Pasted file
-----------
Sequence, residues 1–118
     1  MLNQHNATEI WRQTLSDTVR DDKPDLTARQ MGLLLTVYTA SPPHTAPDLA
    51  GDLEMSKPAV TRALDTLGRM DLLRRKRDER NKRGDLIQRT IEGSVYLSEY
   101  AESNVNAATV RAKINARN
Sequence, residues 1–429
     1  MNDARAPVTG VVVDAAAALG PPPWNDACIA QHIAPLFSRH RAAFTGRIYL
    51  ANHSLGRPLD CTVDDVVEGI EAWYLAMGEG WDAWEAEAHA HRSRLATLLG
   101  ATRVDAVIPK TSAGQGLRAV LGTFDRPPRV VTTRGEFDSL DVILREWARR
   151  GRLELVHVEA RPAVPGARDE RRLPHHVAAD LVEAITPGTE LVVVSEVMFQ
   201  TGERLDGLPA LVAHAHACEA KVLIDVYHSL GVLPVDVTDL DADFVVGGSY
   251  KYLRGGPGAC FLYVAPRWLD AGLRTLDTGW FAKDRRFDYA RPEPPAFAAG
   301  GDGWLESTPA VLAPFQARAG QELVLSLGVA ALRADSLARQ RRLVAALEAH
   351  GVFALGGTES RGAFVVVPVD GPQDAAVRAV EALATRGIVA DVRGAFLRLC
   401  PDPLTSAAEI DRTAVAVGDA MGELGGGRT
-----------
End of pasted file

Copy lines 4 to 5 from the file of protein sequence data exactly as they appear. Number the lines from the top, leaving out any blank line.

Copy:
   101  AESNVNAATV RAKINARN
Sequence, residues 1–429